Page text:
Objective: This study investigated differences in the use of health care services and associated costs between obese and nonobese patients.
Research methods and procedures: New adult patients (N = 509) were randomly assigned to primary care physicians at a university medical center. Their use of medical services and related charges was monitored for 1 year. Data collected included sociodemographics, self-reported health status using the Medical Outcomes Study Short Form-36, evaluation for depression using the Beck Depression Index, and measured height and weight to calculate BMI.
Results: Obese patients included a significantly higher percentage of women and had higher mean age, lower mean education, lower mean health status, and higher mean Beck Depression Index scores. Obese patients had a significantly higher mean number of visits to both primary care (p = 0.0005) and specialty care clinics (p = 0.0006), and a higher mean number of diagnostic services (p < 0.0001). Obese patients also had significantly higher primary care (p = 0.0058), specialty clinic (p = 0.0062), emergency department (p = 0.0484), hospitalization (p = 0.0485), diagnostic services (p = 0.0021), and total charges (p = 0.0033). Controlling for health status, depression, age, education, income, and sex, obesity was significantly related to the use of primary care (p = 0.0364) and diagnostic services (p = 0.0075). There was no statistically significant relationship between obesity and medical expenditures in any of the five categories or for total charges.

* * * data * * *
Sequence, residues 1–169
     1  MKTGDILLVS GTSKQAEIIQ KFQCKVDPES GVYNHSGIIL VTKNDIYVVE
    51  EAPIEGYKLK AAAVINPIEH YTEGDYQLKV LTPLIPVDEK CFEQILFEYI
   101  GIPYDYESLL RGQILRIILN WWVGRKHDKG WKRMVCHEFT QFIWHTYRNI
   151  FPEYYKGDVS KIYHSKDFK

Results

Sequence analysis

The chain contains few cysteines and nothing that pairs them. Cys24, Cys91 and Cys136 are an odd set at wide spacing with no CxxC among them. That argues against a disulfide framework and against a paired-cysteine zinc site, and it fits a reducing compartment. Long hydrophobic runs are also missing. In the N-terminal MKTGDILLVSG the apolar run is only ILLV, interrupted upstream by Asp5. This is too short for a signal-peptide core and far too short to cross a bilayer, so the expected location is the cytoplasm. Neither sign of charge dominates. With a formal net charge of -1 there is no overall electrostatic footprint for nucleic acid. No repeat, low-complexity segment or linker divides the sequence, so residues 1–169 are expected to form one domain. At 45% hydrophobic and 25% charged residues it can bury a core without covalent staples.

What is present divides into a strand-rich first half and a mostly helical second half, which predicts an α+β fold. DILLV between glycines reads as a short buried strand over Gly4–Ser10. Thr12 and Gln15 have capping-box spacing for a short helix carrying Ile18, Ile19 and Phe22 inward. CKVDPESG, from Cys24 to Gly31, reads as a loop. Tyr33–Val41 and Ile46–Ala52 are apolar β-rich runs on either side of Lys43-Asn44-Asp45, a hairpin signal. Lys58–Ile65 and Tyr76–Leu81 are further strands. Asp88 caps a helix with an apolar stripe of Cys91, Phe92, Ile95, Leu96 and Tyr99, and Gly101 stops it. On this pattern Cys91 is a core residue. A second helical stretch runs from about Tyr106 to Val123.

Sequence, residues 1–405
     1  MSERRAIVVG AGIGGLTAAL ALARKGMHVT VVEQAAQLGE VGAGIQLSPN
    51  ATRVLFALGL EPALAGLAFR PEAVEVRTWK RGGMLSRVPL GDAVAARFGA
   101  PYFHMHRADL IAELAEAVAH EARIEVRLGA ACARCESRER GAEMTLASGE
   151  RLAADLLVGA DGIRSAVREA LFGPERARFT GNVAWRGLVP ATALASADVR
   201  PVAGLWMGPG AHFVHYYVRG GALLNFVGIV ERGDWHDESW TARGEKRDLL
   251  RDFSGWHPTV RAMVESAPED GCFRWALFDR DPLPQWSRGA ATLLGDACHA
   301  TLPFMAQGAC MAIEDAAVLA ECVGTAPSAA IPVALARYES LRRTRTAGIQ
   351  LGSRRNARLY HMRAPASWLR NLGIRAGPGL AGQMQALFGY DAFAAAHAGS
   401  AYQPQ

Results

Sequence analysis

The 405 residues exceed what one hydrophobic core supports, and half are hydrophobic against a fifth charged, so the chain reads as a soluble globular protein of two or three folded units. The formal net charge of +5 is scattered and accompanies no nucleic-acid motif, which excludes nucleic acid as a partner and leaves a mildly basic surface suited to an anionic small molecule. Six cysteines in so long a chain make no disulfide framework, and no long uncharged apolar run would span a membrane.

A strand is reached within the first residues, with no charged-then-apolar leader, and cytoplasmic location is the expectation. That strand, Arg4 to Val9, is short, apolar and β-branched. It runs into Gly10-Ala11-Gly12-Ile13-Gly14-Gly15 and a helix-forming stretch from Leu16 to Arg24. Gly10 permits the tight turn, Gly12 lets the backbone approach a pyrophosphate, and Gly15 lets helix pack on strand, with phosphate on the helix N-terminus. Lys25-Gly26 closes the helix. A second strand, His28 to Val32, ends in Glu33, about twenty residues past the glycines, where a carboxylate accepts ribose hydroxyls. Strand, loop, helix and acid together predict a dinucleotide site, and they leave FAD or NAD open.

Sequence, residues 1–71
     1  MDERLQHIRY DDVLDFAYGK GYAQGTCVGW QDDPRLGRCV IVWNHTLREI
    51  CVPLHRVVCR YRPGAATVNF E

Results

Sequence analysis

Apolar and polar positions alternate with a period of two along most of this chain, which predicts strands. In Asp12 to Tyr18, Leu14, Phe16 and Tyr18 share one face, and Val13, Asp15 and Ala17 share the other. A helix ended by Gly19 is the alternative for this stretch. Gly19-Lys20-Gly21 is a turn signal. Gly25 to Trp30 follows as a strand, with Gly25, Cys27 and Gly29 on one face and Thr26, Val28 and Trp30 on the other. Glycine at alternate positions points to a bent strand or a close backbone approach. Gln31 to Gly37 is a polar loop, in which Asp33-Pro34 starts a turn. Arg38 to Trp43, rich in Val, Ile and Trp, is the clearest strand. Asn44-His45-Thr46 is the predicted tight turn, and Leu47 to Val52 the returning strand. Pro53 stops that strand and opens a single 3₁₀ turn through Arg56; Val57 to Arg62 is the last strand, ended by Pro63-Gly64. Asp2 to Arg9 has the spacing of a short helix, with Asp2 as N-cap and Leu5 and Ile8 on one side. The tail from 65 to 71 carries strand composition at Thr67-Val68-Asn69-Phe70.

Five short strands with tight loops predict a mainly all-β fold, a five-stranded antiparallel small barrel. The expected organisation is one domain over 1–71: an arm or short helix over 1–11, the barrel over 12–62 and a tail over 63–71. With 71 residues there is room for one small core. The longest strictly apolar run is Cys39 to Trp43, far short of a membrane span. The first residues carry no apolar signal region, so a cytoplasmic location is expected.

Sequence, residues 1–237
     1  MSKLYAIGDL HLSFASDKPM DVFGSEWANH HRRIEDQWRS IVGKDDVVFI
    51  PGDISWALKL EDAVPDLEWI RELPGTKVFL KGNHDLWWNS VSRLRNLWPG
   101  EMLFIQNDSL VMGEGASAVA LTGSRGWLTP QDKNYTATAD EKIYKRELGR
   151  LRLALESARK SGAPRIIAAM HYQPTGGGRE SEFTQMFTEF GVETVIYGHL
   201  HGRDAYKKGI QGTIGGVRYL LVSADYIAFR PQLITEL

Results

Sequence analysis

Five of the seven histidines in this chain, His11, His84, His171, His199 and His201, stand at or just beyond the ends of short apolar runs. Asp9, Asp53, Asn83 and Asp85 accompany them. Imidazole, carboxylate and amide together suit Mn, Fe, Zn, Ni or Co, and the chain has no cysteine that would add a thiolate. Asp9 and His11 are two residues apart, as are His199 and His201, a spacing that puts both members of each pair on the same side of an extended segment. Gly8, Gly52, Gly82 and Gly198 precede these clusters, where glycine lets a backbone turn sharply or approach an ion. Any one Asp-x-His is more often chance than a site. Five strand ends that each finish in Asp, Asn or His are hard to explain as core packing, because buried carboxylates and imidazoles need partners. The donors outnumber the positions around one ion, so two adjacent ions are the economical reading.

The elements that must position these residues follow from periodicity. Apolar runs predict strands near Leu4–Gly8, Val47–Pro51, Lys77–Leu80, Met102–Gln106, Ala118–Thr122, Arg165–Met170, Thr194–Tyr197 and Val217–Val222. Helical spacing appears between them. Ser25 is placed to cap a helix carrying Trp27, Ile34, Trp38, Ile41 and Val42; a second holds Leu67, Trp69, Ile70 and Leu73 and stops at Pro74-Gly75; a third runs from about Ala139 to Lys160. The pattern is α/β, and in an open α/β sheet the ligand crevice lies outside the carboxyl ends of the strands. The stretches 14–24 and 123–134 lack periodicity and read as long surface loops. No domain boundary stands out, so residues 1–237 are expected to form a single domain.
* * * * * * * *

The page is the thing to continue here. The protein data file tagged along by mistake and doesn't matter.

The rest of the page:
Discussion: Obesity is a chronic condition requiring long-term management, with an emphasis on prevention. If this critical health issue is not appropriately addressed, the prevalence of obesity and obesity-related diseases will continue to grow, resulting in escalating use of health care services.